A warehouse is a very large cost item, in terms of balance sheet, facility running costs, and equipment and staffing. Day to day utilisation costs can be minimised through efficiency of design that makes all operations as fast and effortless as possible with minimal materials handling. That implies that investing time and care at the design stage reaps rewards for the next 10 or 15 years. The converse also applies and unavoidable excessive overheads may be incurred on a daily basis through badly laid out and inadequate design, or through adopting a facility just because it exists and appears to provide a fast and convenient solution.
Risks Posed By Poor Warehouse Design
Getting the design wrong will manifest itself in costly inefficiencies that will represent a drain on a company’s finances and bottom line, and which would require expensive modification works to resolve. That, or an acceptance of undesirable high running costs or operational costs. Either way, the success of the business can be under threat.
Collating The Information Needed On Which To Base Design Decisions
Good design is based on knowledge and experience of what has happened in the past as regards throughput of inventory of this company or of similar businesses if this is a start-up. That is tied in with logistics requirements, customer service levels and contracts, seasonal trends and overall capacity demand. The problem with this requirement for information is that some enterprises do not record and retain the required depth of data, so a mix of picking the brains of the staff on the ground, along with a period of observation and measurement of metrics can be the only way forward. The old carpenters’ maxim holds true – measure twice and cut once.
Any planning should assign as much time as is practically possible to the investigation and recording of requirements. Plus, of course, allowance for expansion plans in the foreseeable future. The information on which design will be based will never be 100% available. Typically, well managed projects often go with less, and making assumptions to cover the gaps. . Supply chain consultants are very skilled at identifying and extracting the relevant information and repackaging it as usable data - and often far faster than your own in-house resources could complete the same task.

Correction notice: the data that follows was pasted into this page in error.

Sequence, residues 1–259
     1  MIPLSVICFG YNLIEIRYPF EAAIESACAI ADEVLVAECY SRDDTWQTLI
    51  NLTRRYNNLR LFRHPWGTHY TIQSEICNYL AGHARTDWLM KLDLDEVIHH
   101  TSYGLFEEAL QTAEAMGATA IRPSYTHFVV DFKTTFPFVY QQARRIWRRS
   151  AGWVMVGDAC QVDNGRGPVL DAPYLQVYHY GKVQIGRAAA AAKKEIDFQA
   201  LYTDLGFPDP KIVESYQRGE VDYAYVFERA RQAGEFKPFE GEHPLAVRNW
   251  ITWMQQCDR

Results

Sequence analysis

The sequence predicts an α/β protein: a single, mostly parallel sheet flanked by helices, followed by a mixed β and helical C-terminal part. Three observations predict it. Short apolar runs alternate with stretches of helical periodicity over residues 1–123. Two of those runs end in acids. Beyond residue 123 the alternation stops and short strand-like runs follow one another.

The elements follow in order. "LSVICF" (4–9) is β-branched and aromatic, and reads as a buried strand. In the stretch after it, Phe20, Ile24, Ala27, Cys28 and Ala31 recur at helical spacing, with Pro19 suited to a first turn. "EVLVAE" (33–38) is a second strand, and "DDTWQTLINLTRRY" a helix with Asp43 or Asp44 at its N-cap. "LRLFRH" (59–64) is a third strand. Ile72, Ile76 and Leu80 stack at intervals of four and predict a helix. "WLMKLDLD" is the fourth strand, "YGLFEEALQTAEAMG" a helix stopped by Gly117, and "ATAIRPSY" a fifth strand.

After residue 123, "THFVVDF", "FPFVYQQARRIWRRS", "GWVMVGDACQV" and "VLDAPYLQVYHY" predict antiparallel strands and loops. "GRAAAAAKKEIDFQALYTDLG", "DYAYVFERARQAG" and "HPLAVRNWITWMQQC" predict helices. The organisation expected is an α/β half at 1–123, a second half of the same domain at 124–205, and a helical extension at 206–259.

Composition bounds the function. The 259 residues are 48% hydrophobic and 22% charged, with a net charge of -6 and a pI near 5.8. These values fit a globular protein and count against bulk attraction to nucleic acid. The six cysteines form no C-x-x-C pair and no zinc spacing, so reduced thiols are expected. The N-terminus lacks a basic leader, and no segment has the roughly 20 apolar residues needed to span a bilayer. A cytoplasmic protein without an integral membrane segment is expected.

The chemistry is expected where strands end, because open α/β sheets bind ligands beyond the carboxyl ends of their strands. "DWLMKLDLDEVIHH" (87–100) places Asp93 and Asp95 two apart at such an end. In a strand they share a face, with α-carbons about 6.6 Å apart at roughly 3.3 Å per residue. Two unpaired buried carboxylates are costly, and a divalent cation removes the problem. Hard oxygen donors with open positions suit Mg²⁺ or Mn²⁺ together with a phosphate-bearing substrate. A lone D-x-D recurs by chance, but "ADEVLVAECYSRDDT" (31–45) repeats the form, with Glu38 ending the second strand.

Design Must Be Fit For Purpose – Meaning What Exactly?
Fit for purpose is almost a soundbite these days but it succinctly describes the requirements. We can rephrase it as, “The warehouse must not cause problems”. The measure of success might mean zero major problems that could require costly remediation, and a low minimum of more minor issues that a business can live with, without incurring undue additional overhead. Problems may not manifest themselves for months or years as operating conditions change and test the original design parameters.
Designing Your Warehouse For Productivity & Growth
Ensuring that the plan for the design phase incorporates these principles will maximise the likelihood of achieving an optimum performing facility, while minimising the risk of overlooking aspects that may develop into problems down the road.
- Know the functional requirements in depth – this goes back to the point made earlier about collating as much historical data and anecdotal knowledge as possible. Analyse, itemise and address all warehouse functions - volume of materials to be stored, traffic velocity of goods inwards, sales orders, transfers, dispatch loading bay volumes, and returns. Also the various categories of orders that might include singe item picking, cartons, pallet loads and so on.
- Consult as many stakeholders a possible – including such as executive management, truck drivers (including external if applicable) as well as warehouse staff. Minimise handling – the ideal is as close to zero “touches” as possible and this should be a constant goal when considering every type of material, racking, routing, picking and packing operation and ancillary equipment.
- In summary, the greater the number of relevant inputs, to identify the design base line, that are taken on board during warehouse design, the more likely will be a successful outcome that minimises drain of the company’s resources and finances. A good warehouse will be both an asset and a silent productivity partner for many years.
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